Kinston in Lenoir County, North Carolina — The American South (South Atlantic)
In February 1864, twenty two white men, who had deserted the Confederate Army and joined the Union Army, were captured by Confederate Forces under the command of General George Pickett at Beech Grove near New Bern. In the presence of all the confederate troops and the town's people these soldiers were hung in this vicinity.
Amos Armyett - William O. Haddock
A.J. Britton - David Jones
John J. Britton - Joseph Haskett
Joel Brock - William J. Hill
John Brock - Calvin Huffman
Lewis Bryan - William Irving
Mitchell Busick - Stephen Jones
Charles Cuthrell - William Jones
W.C. Daugherty - Elijah Kellum
John Freeman - John Stanley
Lewis Freeman - Jesse Summerlin
Erected 2003 by Historical Preservation Group and Lenoir County Battlefields Commission, Written by Gerard A. Patterson.
Location. 35° 15.574′ N, 77° Touch for map. Marker is at or near this postal address: 175 McLlewean Street, Kinston NC 28501, United States of America.
Other nearby markers. At least 8 other markers are within walking distance of this marker. Harmony Hall (about 400 feet away, measured in a direct line); The Town Of Kingston (about 500 feet away); Lenoir County WW I and WW II Memorial (about 500 feet away); Caswell (about 500 feet away); CSS Neuse (about 600 feet away); Lewis School (about 700 feet away); CSS Neuse Confederate Ironclad Gunboat (approx. 0.2 miles away); Cat Hole (approx. 0.2 miles away). Touch for a list and map of all markers in Kinston.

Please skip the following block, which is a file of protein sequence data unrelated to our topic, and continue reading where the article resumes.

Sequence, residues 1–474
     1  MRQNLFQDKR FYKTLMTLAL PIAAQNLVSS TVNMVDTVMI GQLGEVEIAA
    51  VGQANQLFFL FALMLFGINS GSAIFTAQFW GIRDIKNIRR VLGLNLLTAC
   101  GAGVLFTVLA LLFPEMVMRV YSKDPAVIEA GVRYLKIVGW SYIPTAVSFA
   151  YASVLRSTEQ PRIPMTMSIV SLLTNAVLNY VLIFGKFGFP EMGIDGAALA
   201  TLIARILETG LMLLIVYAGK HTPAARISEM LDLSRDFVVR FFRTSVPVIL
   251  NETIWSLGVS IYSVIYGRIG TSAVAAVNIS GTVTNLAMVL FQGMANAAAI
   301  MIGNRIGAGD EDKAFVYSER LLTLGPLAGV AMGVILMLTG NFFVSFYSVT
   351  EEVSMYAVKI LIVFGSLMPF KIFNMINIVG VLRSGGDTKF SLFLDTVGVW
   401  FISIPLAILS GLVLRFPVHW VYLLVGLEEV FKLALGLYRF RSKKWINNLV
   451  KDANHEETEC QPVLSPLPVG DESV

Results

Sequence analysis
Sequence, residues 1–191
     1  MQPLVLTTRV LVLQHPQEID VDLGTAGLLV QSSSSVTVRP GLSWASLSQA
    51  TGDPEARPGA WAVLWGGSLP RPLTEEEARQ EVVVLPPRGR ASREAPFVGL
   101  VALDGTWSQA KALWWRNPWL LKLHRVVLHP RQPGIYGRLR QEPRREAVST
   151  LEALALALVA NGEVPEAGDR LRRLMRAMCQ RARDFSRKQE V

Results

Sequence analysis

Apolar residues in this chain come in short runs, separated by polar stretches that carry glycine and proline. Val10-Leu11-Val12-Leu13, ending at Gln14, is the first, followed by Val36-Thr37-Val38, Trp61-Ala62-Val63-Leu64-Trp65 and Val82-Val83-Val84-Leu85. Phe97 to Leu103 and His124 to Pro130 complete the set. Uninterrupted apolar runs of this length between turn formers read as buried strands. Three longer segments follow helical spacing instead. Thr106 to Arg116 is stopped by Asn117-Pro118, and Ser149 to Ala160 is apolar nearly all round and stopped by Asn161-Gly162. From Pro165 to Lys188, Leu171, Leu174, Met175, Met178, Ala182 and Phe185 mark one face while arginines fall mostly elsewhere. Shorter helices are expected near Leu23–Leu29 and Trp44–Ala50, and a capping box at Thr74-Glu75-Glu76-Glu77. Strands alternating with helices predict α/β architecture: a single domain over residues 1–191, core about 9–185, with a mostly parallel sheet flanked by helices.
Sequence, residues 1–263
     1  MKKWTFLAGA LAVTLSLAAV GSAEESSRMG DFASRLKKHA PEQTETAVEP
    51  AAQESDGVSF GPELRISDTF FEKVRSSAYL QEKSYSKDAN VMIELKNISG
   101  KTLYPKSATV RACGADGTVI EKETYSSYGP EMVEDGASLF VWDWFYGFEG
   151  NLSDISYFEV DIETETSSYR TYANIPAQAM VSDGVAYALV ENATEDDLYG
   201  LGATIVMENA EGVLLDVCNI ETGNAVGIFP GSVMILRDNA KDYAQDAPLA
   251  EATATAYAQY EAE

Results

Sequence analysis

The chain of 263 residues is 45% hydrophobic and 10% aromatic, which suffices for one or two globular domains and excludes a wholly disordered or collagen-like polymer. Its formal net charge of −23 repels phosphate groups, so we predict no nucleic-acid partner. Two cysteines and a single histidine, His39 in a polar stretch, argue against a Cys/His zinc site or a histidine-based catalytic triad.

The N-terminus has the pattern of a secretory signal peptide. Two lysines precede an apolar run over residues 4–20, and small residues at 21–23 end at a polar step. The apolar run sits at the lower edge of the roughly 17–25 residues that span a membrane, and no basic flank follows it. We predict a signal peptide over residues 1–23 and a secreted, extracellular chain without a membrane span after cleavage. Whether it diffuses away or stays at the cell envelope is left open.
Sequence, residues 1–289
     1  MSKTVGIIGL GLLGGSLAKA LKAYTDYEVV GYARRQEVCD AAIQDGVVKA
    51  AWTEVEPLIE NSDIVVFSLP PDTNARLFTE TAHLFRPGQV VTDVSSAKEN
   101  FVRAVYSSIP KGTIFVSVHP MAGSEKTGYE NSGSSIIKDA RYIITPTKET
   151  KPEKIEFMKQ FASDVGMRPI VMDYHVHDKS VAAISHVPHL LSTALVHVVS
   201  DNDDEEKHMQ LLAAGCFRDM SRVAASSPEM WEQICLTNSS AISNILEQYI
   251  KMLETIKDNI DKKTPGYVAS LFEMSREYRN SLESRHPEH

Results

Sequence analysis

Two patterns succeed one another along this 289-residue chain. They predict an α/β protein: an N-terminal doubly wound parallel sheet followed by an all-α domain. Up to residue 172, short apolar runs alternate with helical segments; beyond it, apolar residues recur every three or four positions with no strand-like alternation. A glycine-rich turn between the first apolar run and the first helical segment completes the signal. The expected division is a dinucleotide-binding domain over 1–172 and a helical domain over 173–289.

Also see . . . Murder of Union Soldiers in North Carolina. Letter from the Secretary of War (Submitted on November 1, 2010, by Richard Phillips of Laurinburg, North Carolina.)
Categories. • War, US Civil •
Credits. This page was last revised on June 16, 2016. This page originally submitted on October 31, 2010, by Richard Phillips of Laurinburg, North Carolina. This page has been viewed 1,912 times since then and 8 times this year. Photos: 1. submitted on October 31, 2010, by Richard Phillips of Laurinburg, North Carolina. 2, 3. submitted on November 1, 2010, by Richard Phillips of Laurinburg, North Carolina. • Craig Swain was the editor who published this page.